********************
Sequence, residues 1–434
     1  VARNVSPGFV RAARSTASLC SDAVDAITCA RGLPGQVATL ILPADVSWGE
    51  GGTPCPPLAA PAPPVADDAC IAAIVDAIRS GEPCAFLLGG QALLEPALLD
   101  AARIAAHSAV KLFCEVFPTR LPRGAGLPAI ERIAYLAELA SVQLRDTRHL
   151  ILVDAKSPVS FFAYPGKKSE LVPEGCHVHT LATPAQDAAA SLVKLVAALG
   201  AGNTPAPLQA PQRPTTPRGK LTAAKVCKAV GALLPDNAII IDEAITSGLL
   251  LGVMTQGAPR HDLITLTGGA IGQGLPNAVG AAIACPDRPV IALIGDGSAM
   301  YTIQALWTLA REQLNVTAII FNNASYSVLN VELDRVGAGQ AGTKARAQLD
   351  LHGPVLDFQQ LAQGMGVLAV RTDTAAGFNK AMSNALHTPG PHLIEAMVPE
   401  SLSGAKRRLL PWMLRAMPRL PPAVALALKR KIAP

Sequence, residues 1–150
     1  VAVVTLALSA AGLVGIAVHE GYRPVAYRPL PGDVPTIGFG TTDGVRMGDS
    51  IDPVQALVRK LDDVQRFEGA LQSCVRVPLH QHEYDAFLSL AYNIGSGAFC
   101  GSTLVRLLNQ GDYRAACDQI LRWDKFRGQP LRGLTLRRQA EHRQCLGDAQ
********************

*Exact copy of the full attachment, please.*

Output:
Sequence, residues 1–434
     1  VARNVSPGFV RAARSTASLC SDAVDAITCA RGLPGQVATL ILPADVSWGE
    51  GGTPCPPLAA PAPPVADDAC IAAIVDAIRS GEPCAFLLGG QALLEPALLD
   101  AARIAAHSAV KLFCEVFPTR LPRGAGLPAI ERIAYLAELA SVQLRDTRHL
   151  ILVDAKSPVS FFAYPGKKSE LVPEGCHVHT LATPAQDAAA SLVKLVAALG
   201  AGNTPAPLQA PQRPTTPRGK LTAAKVCKAV GALLPDNAII IDEAITSGLL
   251  LGVMTQGAPR HDLITLTGGA IGQGLPNAVG AAIACPDRPV IALIGDGSAM
   301  YTIQALWTLA REQLNVTAII FNNASYSVLN VELDRVGAGQ AGTKARAQLD
   351  LHGPVLDFQQ LAQGMGVLAV RTDTAAGFNK AMSNALHTPG PHLIEAMVPE
   401  SLSGAKRRLL PWMLRAMPRL PPAVALALKR KIAP

Sequence, residues 1–150
     1  VAVVTLALSA AGLVGIAVHE GYRPVAYRPL PGDVPTIGFG TTDGVRMGDS
    51  IDPVQALVRK LDDVQRFEGA LQSCVRVPLH QHEYDAFLSL AYNIGSGAFC
   101  GSTLVRLLNQ GDYRAACDQI LRWDKFRGQP LRGLTLRRQA EHRQCLGDAQ